Indonesian govt says no to converting peatland into plantations

Posted on the 24 August, 2010 at 5:13 pm | Posted in Latest News, Forests, REDD, Palm Oil

Govt says no to converting peatland into plantations

Adianto P. Simamora, The Jakarta Post, Jakarta | Mon, 08/23/2010 9:45 AM | Headlines

Forestry Minister Zulkifli Hasan has turned down a request by the Central Kalimantan provincial administration to develop 127,000 hectares of peatland production forest for oil palm and mining sites.

The request was made by Central Kalimantan Governor Agustin Teras Narang and Katingan Regent Duel Rawing.

“Zulkifli rejected the request because peatland forests in Katingan are to be allocated for conservation projects,” Hadi Daryanto, the ministry’s director general of production forest development told The Jakarta Post on Saturday.

Central Kalimantan has the largest area of peatland of all the provinces. The peatland stores huge amounts of carbon.

Last month, UN climate adviser and philanthropist George Soros visited Katingan to inspect peatlands in the area, but Hadi was quick to point out that Soros’s visit had nothing to do with the government’s rejection.

The governments of Indonesia and Norway signed a letter of intent (LoI) on a climate deal in May requiring Indonesia, the world’s third-largest forest nation, to slow down forest loss. In return, Indonesia would receive US$1 billion from Norway under a climate change scheme.

The government would stop issuing new permits to convert natural forest and peatland for two years starting in 2011 with the pilot project for the moratorium to be announced in October at the latest.

A source told the Post that Central Kalimantan would likely host the pilot project.

Indonesia has 120 million hectares of forest, but the country’s deforestation rate hovers at 1 million hectares per year.

Zulkifli has repeatedly claimed he had not issued any permit to convert peatland for commercial purposes since he took office last year.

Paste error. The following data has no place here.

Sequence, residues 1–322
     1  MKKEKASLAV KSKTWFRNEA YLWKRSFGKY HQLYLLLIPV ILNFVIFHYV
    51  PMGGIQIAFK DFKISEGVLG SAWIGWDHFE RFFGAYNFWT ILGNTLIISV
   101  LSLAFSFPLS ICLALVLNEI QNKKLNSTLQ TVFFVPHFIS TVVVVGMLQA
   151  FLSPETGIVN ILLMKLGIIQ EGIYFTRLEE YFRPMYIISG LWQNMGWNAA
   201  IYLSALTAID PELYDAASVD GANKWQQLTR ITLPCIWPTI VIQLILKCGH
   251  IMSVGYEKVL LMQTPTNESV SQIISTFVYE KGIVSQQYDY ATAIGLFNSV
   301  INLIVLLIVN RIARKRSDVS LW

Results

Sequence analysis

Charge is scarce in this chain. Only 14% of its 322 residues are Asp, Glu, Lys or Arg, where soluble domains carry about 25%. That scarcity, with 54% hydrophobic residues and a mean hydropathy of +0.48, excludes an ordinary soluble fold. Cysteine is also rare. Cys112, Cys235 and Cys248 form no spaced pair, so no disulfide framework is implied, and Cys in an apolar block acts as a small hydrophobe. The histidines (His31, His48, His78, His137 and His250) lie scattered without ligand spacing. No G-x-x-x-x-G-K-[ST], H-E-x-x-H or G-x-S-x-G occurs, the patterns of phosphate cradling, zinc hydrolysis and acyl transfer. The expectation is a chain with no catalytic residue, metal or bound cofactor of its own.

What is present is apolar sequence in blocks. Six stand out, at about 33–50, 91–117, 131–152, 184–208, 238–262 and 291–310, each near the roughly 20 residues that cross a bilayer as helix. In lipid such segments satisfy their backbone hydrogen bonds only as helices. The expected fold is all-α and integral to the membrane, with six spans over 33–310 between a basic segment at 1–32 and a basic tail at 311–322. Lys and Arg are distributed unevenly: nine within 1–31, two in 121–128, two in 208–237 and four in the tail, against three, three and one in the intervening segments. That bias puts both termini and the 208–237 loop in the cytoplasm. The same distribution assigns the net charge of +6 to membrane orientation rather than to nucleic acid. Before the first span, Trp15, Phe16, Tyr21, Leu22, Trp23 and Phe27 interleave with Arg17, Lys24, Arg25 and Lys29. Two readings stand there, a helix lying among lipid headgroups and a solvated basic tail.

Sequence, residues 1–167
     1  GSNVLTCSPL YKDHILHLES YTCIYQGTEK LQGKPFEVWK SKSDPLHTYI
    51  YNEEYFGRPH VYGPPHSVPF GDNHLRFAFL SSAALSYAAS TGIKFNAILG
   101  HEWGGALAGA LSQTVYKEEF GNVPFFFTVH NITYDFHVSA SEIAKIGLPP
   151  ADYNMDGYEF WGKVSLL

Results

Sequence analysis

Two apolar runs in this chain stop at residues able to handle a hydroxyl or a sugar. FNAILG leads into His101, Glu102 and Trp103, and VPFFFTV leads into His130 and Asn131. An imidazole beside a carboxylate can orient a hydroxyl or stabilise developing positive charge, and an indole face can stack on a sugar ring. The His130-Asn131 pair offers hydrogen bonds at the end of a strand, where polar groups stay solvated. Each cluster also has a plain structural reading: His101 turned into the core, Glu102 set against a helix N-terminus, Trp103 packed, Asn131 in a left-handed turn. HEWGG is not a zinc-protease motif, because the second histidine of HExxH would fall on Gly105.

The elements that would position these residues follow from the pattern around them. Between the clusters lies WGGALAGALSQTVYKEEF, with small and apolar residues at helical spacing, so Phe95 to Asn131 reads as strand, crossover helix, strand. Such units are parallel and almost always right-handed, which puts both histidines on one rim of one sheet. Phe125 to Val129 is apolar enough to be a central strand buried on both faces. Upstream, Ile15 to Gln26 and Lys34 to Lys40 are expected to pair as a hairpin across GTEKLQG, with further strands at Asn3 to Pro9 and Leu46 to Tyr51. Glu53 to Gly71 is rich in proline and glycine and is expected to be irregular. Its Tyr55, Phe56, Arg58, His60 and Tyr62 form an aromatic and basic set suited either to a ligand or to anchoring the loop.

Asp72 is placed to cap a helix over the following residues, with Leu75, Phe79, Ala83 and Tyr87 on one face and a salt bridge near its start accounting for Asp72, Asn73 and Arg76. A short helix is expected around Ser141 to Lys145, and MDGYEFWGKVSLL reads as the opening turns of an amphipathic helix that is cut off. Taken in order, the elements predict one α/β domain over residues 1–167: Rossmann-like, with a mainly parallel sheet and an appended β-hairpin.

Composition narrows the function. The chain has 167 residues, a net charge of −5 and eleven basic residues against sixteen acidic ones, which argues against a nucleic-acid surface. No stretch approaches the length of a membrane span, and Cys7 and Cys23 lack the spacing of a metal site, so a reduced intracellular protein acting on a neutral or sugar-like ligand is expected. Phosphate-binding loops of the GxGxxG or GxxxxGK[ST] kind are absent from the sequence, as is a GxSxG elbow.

The 2007 Spatial Law prohibits the conversion of peatland with a depth of more than 3 meters.

Hadi said the ministry would implement new forestry mechanisms to shift income from selling timbers to ecosystem restoration projects. “Indonesia is the first country to implement the so-called innovative forestry mechanism,” he said.

The conservation projects would be held in former logging areas to restore damaged ecosystems and biodiversity.

Concession holders can reap money from trading in carbon in the forests, environmental services or opening ecotourism sites in the area.

“They could still be allowed to harvest timber, but it would not be their core business,” he said.

The permit for ecosystem restoration projects would be valid for 60 years and could be extended for another 35 years.

The ministry is looking to allocate 500,000 hectares per year for ecosystem restoration activities.

A map issued by the ministry indicates that conservationists could run ecosystem restoration projects in 40 million hectares in the country.

So far this year, the ministry has issued permits to PT Restorasi Ekosistem Indonesia (REKI) in Jambi and South Sumatra with 98,000 hectares and another 86,450 hectares to PT Orangutan Habitat Restoration Indonesia in the East Kutai district of East Kalimantan.

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